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 Post subject: 1600 24bit record modes
PostPosted: Fri Oct 31, 2008 4:10 am 
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24 bit @ 44.1 Vs. 48khz......bigger files or better sound?.....or both :?:
Oh, and are the preamps any good? I'm either going this route, or firepod 10.....just want 24bits

:rr:

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PostPosted: Fri Oct 31, 2008 9:27 am 
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The more bits, the better the sound quality, the bigger the files.
The higher the sample rate, the better the sound quality, the bigger the files.

However sample rate and bit depth have different influences on the sound quality:

The more bits, the bigger the difference between maximum signal without clipping and the minimum signal it can record. So, with more bits you have a lot more dynamics.

The higher the sample rate, the higher the frequencies will be that are recorded. Theoretically, the maximum frequency that you can record is half the sample rate. So, CD quality is slightly better than 20 KHz which should be OK for the human ear. However in practice, the response already starts to drop at a fifth of the sample frequency, so CD quality is accurate until about 8 KHz only.

To get a decent sound quality in terms of "human ear specifications" we should record and process at at least 24 bits and 96 KHz. Using these specs, a CD could contain ONE song.

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PostPosted: Sat Nov 08, 2008 11:53 am 
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One other thing to consider...if you will eventually drop to cd specs, I've read that any sample rate except 44.1 and 88.2 are not recomended due to complications of the mathmatical equations when reducing...due to this I've only recorded at 44.1 and can't really say one way or the other... I'm merely providing information which is probably meaningless :lol:

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PostPosted: Sat Nov 08, 2008 6:13 pm 
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Also, 24 bit recording is actually saved as 32 bit (see the manual, page 138, section 7). This means it takes up more room than you think. :)

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PostPosted: Sat Nov 08, 2008 11:30 pm 
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I say we just go back to 4 track tape recording. How many bits is that?

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PostPosted: Sun Nov 09, 2008 12:27 am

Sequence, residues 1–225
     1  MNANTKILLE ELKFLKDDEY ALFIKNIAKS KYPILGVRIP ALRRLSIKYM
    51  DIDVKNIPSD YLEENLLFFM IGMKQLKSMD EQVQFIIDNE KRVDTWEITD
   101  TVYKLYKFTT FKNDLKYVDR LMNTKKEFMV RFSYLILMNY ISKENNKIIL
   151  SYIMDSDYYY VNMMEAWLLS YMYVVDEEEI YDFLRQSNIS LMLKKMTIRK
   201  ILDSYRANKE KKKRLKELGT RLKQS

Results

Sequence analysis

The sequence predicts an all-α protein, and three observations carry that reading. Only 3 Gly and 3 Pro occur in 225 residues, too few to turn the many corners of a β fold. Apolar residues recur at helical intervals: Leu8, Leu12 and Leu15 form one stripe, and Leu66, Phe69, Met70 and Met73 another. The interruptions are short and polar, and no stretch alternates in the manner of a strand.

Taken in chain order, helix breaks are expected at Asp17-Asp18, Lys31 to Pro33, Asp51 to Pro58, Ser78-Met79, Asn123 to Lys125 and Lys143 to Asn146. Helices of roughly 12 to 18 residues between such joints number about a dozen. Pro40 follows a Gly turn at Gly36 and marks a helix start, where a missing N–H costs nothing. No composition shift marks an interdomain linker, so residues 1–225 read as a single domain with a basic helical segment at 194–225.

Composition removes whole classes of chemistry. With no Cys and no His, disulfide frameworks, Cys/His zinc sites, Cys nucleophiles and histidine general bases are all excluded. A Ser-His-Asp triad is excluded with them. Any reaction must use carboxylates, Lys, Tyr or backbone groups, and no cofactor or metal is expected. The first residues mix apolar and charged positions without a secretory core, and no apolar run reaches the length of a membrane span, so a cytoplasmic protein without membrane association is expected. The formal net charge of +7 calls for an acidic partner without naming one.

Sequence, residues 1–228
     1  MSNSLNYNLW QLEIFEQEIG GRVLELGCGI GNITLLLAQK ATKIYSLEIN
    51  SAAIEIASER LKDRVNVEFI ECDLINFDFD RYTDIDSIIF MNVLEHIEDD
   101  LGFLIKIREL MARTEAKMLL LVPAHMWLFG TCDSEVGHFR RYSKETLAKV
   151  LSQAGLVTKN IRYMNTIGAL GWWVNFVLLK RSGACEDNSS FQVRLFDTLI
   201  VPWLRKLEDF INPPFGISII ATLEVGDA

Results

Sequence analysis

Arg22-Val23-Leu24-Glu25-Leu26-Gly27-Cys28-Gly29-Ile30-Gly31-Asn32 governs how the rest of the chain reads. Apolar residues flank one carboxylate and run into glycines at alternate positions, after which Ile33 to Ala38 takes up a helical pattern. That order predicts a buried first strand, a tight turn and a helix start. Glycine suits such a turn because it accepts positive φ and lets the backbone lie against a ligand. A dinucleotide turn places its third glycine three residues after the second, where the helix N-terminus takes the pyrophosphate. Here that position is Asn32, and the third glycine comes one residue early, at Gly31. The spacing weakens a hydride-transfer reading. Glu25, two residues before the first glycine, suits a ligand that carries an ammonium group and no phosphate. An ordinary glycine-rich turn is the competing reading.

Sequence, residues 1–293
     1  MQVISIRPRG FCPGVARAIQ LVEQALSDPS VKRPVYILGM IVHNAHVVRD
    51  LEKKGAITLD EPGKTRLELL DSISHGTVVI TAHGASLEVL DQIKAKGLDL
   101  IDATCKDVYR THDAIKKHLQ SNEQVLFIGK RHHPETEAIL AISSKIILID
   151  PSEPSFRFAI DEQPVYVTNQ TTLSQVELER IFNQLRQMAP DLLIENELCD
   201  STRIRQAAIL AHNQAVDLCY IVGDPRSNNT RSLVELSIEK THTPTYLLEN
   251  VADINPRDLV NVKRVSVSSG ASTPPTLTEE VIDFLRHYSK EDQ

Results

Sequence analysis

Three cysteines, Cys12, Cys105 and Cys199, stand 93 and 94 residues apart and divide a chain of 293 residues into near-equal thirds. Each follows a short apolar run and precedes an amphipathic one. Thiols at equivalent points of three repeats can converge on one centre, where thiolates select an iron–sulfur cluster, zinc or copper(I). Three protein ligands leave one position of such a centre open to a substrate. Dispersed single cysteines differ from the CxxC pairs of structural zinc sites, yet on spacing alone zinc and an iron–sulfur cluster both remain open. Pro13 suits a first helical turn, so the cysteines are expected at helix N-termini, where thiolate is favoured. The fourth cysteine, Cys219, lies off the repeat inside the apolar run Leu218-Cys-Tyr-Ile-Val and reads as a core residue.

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Robbie The Botkiller
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HogTime wrote:
Also, 24 bit recording is actually saved as 32 bit (see the manual, page 138, section 7). This means it takes up more room than you think. :)


So, what is stored in the extra bits? It would be silly if they were just empty.

If it is actually stored in 32 bit, and assuming that an empty project is 9,5 Mb (like the G), a one minute one track recording should take 19.5 Mb. On the G, it should take 14.5 Mb and if it is written in 24 bit information it should take 17 Mb. If an empty song on the 1600 is bigger, you should add the difference to every song.

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PostPosted: Sun Nov 09, 2008 3:26 am 
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There is no doubt that it's stored as 32 bit. See my "tests" discussed in:
http://forum.dijonstock.com/viewtopic.php?f=10&t=9746&hilit=32+bit

Why it's done that way I have no idea. Definitely wastes hard drive space.

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PostPosted: Sun Nov 09, 2008 11:02 am 
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Robbie The Botkiller
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Yes, now I see it I remember it.

You could use Audacity to actually look into the file. I bet it has only 16 million discrete values (2 raised to the power of 24, the number of levels in 24 bit samples) and not 4 billion (2 raised to the power of 32, the number of levels in 32 bit samples).

Strange... why would they do that.

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